There are a couple of attacks that need to be prevented in a system like this, so this section lists some of them, as well as how NEM fixes these problems.
In the Sybil attack, the attacker creates multiple accounts in order to gain control of the network.
In NEM, accounts are rewarded for harvesting blocks, and accounts with higher importance scores can harvest more blocks. Someone trying to carry out a sybil attack may try the following:
- Sending transactions between accounts to boost the NCDawareRank score
- Sending transactions to random accounts, also controlled by the attacker
- Sending XEM in a loop to boost the single transfer score. (See loop attack section for more.)
NEM defends against these attacks by using the following strategies:
- In web pages, PageRank is abused by creating 'backlinks' from lots of other sites in order to make them appear more popular. A part of that algorithm was modified in NCDawareRank to make this type of thing less valuable.
- Your XEM balance is vested slowly, so it would take a long time for an attacker to obtain a lot of XEM and then immediately attack.
- Use the net loss of the account in the calculation for score. This makes it so that an account that sends 10,000 XEM and receives it back is less important than one that sends it and receives nothing.
- As seen in the graph in the single transfer score section, the value of sent XEM in relation to importance decreases over time. This means that an attack like this will only give a temporary boost in score, rather than a long term one.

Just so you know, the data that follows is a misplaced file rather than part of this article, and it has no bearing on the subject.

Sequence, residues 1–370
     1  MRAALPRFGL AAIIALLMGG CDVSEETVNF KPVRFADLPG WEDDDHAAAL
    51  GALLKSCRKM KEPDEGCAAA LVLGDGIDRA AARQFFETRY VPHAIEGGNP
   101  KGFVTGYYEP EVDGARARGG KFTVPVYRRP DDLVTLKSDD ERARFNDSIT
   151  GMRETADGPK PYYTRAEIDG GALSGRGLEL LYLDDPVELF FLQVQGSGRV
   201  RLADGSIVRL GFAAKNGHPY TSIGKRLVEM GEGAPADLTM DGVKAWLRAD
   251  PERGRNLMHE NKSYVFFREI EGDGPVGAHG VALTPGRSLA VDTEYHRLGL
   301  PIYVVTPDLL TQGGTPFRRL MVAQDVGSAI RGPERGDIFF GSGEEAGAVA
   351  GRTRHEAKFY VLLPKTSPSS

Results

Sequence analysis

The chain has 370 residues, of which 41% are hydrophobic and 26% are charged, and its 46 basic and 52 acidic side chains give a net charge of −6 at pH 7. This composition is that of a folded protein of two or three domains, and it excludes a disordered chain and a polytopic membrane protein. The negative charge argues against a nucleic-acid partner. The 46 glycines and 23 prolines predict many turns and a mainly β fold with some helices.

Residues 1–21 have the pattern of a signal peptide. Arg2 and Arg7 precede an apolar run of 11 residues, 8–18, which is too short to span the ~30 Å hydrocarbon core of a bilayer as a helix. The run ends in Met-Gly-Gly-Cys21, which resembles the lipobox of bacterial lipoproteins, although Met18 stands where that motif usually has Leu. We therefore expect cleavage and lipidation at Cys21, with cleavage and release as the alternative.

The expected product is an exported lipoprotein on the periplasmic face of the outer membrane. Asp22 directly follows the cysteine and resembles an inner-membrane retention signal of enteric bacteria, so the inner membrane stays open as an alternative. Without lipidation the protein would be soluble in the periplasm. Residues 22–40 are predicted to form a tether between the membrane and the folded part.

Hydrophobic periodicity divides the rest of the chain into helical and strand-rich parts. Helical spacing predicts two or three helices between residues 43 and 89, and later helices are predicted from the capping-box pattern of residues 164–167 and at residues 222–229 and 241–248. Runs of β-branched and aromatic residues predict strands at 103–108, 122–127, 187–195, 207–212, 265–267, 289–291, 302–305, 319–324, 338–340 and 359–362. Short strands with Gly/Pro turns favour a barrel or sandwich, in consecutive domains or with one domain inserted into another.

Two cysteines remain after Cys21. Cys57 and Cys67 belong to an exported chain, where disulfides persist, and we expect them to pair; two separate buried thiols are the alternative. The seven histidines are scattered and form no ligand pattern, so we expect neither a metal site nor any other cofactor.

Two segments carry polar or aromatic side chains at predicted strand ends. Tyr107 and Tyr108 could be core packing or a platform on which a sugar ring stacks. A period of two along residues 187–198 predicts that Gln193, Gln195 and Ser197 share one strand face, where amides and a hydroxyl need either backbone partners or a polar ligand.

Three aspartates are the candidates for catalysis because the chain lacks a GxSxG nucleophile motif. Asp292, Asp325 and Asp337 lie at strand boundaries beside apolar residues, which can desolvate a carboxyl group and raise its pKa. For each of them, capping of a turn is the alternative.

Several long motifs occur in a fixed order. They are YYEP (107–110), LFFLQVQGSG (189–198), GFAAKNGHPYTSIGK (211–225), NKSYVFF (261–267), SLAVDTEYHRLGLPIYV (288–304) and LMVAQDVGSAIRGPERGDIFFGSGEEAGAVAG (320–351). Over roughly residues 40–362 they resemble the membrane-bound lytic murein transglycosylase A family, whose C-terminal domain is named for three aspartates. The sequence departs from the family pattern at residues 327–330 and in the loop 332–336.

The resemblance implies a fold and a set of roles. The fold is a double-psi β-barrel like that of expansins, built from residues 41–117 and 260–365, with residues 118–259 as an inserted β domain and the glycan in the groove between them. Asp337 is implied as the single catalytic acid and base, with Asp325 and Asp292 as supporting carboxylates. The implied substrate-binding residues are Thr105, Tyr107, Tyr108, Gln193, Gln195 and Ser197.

- Various mathematical tweaks, that you can read about in the technical reference - but may be hard to understand for the average Joe.
All of these strategies combined makes it foolish for an attacker to try to artificially boost their importance without actually being more important on the network.
In this attack, the attacker sends XEM in a loop through their accounts. Because of the aforementioned reasons, this will not work, and could even hurt the attacker's overall harvesting earnings.
There are a couple of mathematical tricks to this, but these graphs sum it up nicely.
In all of these graphs, the honest account is someone who is keeping their 800 million XEM in one account, and the Sybil attacker is keeping their 800 million XEM using various strategies. The x axis represents the amount of attacker controlled accounts on a log scale (each line = 10x previous line).
In graph A the attacker is looping their XEM, and they only gain a 4% increase - while losing a lot of XEM in fees, possibly making less XEM than the honest account.
In graph B, the attacker puts XEM in attacker-controlled accounts, and then sends all the XEM to their main account, but only gains a 7% boost for a short while. After that the attacker goes back to near their old limits, and lost a lot in transaction fees.
In graph C, the attacker sends XEM to accounts that they own at random. This makes the attacker lose more in fees than any other method, but is the most effective in increasing the attacker's score, with a 7% increase after 100 eligible accounts - but it doesn't matter since they probably lost a lot of fees (which are distributed to other harvesters anyway) in the first place. If the attacker gains nothing, there's no reason for them to carry out the attack.
The NEM importance system is a robust system used to calculate how important an address is. It is very hard, if not impossible to game the system, and when you do manage to do it, you lose more money than you would otherwise have gained. So the answer to the initial question is simple: if you want a higher importance score, then transact more, and transact honestly and normally.